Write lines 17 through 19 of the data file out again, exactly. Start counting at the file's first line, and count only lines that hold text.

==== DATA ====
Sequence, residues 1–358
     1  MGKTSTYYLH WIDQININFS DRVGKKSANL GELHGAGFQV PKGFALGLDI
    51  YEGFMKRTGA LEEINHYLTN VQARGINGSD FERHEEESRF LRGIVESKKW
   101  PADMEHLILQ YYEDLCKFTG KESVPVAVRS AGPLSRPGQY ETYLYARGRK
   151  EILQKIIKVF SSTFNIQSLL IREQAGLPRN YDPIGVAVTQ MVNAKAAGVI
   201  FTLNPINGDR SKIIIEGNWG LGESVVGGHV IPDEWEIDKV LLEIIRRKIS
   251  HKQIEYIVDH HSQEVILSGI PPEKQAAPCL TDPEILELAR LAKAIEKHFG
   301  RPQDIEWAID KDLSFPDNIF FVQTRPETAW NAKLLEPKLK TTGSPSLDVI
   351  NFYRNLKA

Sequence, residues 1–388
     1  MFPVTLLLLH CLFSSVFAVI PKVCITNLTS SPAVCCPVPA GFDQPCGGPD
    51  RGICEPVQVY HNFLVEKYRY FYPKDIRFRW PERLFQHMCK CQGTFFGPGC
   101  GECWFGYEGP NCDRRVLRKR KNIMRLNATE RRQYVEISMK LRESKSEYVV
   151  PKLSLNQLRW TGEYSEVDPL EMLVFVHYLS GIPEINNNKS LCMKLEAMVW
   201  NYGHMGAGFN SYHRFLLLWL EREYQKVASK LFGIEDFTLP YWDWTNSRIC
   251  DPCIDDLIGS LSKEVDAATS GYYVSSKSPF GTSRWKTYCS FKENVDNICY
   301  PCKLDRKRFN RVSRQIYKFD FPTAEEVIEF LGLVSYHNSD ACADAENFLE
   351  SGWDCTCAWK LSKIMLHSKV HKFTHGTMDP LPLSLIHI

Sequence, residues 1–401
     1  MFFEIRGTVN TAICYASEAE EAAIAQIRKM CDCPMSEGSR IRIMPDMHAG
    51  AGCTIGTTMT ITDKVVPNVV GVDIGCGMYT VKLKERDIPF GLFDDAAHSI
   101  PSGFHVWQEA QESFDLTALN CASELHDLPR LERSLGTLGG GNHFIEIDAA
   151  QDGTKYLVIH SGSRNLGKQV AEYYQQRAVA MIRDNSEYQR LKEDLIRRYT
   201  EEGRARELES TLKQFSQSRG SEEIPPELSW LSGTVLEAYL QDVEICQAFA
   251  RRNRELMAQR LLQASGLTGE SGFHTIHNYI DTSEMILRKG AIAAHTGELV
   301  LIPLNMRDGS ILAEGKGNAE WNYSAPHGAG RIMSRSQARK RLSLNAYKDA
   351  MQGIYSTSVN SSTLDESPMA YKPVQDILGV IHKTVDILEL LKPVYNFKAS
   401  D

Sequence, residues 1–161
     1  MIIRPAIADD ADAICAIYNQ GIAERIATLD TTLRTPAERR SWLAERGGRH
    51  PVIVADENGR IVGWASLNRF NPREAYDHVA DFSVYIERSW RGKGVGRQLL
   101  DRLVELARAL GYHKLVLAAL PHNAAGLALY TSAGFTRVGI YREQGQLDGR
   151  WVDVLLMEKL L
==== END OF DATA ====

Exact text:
   301  PCKLDRKRFN RVSRQIYKFD FPTAEEVIEF LGLVSYHNSD ACADAENFLE
   351  SGWDCTCAWK LSKIMLHSKV HKFTHGTMDP LPLSLIHI

Sequence, residues 1–401